How can we deal with McDonaldization?

Some people have described McDonaldization as a cage. The image of an iron cage represents society as a whole surrounded by a rationalization system (Ritzer, 2003). Perhaps it is because I am a product of a McDonaldized society, but I certainly would not use the metaphor of a cage to describe McDonaldization. "Although the cage-like image may fit to a certain degree, it is certainly not an iron cage because escape remains an easy option for most people (Ritzer, 2003)." McDonaldization only dominates our lives to the extent which we allow it to dominate our lives. I exploit McDonaldization to obtain the advantages discussed in this paper and in no way does McDonaldization take advantage of me. For this reason, I think describing McDonaldization as a cage is a narrow-minded, deceptive portrayal.

That being said, I feel there are several simple steps that those who do not prefer McDonaldized systems can take to deal with McDonaldization. Consumers, especially, have a great deal of freedom with the way they handle McDonaldization. After all, the ultimate choice is theirs. If they have a high level of distain for McDonaldized organizations they can simply desist from patronizing them. In my personal opinion, the most important step is to avoid the invasion of McDonaldization into one's personal life. My own family has done things such as avoiding McDonaldized meals and outings. I think this has helped us to cultivate strong, healthy relationships in our personal lives.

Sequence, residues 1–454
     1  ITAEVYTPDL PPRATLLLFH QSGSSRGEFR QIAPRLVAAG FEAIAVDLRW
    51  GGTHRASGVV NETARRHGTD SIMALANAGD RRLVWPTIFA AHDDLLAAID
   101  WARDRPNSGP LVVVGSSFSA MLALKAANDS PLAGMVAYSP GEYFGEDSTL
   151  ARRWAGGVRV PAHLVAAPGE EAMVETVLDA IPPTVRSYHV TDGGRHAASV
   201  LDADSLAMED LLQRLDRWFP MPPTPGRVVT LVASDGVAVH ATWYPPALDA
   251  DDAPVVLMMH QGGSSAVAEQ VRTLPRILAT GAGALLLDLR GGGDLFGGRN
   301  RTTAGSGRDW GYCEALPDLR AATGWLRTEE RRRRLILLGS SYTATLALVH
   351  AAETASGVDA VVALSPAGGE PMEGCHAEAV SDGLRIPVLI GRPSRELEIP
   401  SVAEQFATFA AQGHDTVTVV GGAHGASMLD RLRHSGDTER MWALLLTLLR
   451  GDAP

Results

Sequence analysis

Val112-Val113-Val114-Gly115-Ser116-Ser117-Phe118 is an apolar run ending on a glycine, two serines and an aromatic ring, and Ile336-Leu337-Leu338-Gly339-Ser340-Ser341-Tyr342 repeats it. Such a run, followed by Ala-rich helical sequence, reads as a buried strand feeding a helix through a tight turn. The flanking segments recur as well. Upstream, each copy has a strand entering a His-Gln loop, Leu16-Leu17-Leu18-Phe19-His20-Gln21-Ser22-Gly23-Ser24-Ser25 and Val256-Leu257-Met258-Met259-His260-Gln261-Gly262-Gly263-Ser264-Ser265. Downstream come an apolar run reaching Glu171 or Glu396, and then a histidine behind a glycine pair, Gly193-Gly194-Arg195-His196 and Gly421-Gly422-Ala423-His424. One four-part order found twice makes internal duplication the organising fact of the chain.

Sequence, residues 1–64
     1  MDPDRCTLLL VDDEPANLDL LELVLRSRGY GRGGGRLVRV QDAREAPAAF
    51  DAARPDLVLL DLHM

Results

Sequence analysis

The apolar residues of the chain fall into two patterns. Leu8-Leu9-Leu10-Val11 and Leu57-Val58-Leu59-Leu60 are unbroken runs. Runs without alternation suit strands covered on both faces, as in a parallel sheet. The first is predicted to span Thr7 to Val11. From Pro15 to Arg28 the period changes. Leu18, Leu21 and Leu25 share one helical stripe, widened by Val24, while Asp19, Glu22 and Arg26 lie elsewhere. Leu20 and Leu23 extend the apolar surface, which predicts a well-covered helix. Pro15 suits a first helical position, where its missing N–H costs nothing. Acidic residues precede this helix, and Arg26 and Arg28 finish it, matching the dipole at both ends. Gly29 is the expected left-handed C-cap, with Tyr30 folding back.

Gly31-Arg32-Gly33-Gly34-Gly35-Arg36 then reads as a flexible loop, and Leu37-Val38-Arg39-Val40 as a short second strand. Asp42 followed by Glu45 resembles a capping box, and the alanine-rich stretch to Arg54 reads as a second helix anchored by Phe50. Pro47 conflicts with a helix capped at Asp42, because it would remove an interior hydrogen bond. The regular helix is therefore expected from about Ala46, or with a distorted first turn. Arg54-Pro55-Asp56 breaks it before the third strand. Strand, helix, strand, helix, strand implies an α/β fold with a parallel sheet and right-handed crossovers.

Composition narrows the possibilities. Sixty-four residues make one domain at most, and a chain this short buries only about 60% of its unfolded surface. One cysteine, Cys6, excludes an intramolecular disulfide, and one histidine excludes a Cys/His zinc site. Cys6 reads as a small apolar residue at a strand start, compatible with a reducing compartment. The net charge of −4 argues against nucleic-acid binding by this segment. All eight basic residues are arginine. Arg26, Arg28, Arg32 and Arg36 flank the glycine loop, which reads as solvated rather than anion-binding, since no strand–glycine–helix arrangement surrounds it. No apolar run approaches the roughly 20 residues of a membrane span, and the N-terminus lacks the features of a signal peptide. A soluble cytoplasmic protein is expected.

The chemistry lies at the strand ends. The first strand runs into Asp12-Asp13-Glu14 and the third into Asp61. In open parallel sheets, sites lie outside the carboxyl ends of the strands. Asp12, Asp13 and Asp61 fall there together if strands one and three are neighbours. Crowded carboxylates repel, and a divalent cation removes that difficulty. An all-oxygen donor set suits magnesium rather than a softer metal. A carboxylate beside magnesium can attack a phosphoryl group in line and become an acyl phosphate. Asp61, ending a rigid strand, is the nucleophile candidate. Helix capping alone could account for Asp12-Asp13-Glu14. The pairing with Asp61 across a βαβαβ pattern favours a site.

Employees of McDonaldized systems, on the other hand, have a very limited amount of freedom when it comes to dealing with McDonaldization. Those in managerial position can subtly resist by doing things such as employing Maslow's hierarchy of needs and a theory Y management approach (Bolman & Deal, 2008). Of Course this only works to the extent that their bosses allowing it to go on. I'm afraid that lower level employees are only afforded one option for dealing with McDonaldization (but it is probably the best option), Education. McDonaldized organizations, and their mind-numbing, mundane jobs, are here to stay. For many the last line of defense is education. I myself am going to school for this specific reason. Unfortunately, those employed in McDonaldized jobs are armed with little more than their creativity and critical thinking skills to survive in the meantime.